Sorry you have to wait so long, man. That sucks!

BTW, an update: The Trek no longer has the advantage for maximum speed uphill. Riding the Moto Ultra, I have now matched my normal time for the same 850 foot uphill climb, though I don't know whether that's because the motor got 'broken in' (though I've never heard of that) or my shifting technique or physical condition improved since I first posted. I suspect a bit of all three.
Not their fault and it worked out...
 

Catalyzt

Well-Known Member
Region
USA
Not their fault and it worked out...
Glad to hear it!

Curious which HAL you got, battery and motor and what kind of range you are getting and with how much vertical. I guess it is normal for range to vary from 30-42 miles depending on terrain, with a 418W battery. To get over 40, I really have to hold the vertical to 4,000 feet per charge, which is not easy around here!
 

Lar

Active Member
Glad to hear it!

Curious which HAL you got, battery and motor and what kind of range you are getting and with how much vertical. I guess it is normal for range to vary from 30-42 miles depending on terrain, with a 418W battery. To get over 40, I really have to hold the vertical to 4,000 feet per charge, which is not easy around here!
It worked out in that I ended up finding a Trek Powerfly 9.7 with 70 miles on it. More money but I'm happy with it.

I was waiting for the m600 but would have gone for the other integrated battery one but in an email was told neither was expected till the end of this year.
 

Catalyzt

Well-Known Member
Region
USA
Oh, yeah. The Powerfly is in a completely different league from the Ultra, and probably a big step up from the M600 as well. I'm sure you're having a blast with it!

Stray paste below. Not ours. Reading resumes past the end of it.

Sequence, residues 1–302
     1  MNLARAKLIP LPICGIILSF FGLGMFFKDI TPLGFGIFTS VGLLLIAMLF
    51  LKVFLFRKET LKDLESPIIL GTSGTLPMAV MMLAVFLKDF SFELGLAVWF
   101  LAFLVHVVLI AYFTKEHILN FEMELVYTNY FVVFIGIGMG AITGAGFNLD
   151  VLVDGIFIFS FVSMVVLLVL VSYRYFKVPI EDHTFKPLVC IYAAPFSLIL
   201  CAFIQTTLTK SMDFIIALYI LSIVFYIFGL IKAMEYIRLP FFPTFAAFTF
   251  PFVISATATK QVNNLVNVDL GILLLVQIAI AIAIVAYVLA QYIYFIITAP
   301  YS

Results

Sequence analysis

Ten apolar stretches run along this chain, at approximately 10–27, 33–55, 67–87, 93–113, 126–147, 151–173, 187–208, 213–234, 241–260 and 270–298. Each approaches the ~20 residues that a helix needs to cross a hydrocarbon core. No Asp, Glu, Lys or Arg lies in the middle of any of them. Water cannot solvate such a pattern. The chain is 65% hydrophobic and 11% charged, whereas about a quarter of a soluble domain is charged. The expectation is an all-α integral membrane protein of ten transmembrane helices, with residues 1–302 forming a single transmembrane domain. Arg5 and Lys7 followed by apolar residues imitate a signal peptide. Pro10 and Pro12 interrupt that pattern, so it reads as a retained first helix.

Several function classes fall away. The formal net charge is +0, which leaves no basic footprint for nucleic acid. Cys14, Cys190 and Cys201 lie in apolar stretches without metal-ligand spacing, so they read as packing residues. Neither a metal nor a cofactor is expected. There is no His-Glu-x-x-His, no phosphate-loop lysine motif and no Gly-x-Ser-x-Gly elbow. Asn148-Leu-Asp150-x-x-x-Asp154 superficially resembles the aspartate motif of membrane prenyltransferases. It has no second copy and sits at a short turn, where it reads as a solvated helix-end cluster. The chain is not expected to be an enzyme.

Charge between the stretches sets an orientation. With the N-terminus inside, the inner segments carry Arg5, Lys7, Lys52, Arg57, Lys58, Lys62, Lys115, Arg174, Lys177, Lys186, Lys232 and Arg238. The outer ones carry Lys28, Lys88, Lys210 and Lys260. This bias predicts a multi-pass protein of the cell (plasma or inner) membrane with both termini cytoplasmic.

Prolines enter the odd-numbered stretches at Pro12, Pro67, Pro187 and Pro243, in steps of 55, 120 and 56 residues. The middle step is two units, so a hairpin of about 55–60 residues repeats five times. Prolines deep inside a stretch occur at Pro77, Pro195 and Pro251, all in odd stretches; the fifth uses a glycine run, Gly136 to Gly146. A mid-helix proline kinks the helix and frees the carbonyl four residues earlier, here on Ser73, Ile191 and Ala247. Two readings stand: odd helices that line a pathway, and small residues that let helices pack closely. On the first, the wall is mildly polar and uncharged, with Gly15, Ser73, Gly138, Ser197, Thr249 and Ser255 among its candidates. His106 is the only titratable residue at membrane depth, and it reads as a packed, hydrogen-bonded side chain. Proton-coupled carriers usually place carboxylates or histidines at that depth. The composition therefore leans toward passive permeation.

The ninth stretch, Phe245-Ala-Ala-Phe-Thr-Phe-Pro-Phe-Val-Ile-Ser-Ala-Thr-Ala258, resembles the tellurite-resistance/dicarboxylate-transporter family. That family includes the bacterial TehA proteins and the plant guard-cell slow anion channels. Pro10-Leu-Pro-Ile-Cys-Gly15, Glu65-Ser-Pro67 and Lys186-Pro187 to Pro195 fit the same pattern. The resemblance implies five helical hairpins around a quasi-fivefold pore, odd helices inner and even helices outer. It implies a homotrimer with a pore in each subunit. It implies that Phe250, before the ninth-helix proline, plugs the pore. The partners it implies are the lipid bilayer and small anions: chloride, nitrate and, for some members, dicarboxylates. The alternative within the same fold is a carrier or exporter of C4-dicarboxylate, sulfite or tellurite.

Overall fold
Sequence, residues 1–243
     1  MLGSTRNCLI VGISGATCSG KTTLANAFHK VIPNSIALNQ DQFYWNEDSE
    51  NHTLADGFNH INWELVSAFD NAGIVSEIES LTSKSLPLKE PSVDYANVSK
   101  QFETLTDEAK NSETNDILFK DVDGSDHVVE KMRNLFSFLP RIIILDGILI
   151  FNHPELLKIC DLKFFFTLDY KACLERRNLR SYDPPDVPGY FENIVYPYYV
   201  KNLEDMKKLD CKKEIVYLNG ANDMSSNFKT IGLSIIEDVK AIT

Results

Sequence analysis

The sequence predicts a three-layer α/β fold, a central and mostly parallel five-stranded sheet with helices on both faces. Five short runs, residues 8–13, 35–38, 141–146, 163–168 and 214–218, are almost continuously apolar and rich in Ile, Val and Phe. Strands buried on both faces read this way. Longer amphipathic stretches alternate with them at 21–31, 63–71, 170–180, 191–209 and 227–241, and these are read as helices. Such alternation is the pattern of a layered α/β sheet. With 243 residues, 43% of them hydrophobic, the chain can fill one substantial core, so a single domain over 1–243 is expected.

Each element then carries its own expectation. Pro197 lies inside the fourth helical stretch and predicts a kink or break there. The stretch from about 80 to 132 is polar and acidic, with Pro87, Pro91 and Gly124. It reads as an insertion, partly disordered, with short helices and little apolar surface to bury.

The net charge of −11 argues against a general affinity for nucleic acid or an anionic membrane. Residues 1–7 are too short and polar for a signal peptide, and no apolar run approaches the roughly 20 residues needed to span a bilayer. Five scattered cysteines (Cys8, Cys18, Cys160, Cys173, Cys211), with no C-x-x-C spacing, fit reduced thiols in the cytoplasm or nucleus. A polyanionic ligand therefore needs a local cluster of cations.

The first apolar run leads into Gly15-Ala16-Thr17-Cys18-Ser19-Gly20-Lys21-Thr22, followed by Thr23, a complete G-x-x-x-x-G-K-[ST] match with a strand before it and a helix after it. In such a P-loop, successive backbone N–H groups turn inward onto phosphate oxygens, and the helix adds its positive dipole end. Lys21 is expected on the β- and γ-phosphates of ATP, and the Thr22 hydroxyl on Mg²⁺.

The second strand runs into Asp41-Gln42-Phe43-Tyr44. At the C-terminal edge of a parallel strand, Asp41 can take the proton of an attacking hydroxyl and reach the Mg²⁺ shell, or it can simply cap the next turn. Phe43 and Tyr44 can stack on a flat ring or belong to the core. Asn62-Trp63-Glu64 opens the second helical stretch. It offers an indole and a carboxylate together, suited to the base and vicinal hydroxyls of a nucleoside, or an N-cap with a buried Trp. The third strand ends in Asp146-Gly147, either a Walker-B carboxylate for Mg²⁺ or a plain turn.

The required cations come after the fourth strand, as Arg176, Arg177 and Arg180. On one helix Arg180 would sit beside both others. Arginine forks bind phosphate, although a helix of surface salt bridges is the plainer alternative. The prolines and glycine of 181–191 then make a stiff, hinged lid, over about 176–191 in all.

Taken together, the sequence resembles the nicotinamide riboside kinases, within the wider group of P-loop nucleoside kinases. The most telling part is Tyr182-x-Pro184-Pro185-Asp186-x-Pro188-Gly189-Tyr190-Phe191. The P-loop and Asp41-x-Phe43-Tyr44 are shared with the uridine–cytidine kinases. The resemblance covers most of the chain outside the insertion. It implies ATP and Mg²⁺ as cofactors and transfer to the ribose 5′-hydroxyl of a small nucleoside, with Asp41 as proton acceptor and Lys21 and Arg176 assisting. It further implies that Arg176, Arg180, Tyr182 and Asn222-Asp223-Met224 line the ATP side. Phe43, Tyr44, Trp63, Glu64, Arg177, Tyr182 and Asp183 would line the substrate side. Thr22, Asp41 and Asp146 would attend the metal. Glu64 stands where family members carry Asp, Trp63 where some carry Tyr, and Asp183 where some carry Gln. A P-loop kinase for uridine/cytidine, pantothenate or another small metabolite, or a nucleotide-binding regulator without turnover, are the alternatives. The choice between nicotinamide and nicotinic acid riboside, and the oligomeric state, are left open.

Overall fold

I don't do any really technical stuff. My doctor would probably strangle me if she knew I was doing trails at all. I have a lot to learn, but as the weeks go by, I do find I'm spending more time on dirt and less on pavement.
 
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Stefan Mikes

Well-Known Member
Region
Europe
City
Brwinów (PL)
Hi guys,

I have made some analysis based on hard data from my Vado, as that bike allows downloading and analysing complete measured data ride in Excel.

I was on a ride with friends on May 9th. As I was initially riding with a 74-yo traditional cyclist only, I set the assistance to so-called 25% "Specialized assistance" (theoretically meaning a quarter of maximum leg power amplification factor of 3.2x) and I also limited Max Motor Power to 25% of maximum peak power of 520 W. We both were riding uphill, and I was staying at that low assistance on purpose, heavily downshifting instead of increasing the assistance. Now, I could extract ride data for that very segment. A little bit shocking.

1620795436407.png

The X axis is the current trip distance in metres. So it was a mild, 1 km long climb.

I have determined that:
  • The actual leg power amplification factor was variable between 1x and 1.4x
  • The average motor torque was only 12.5 Nm! (Maximum torque value of 29 Nm). It's worthwhile to add the maximum torque is 90 Nm for that motor.
Of course, that very hill was not dramatic. My point is: If a traditional cyclist can climb a hill then your 40-45 Nm maximum motor torque is a lot. Honestly, a 90 Nm motor drags you uphill as if you were riding a lift... :)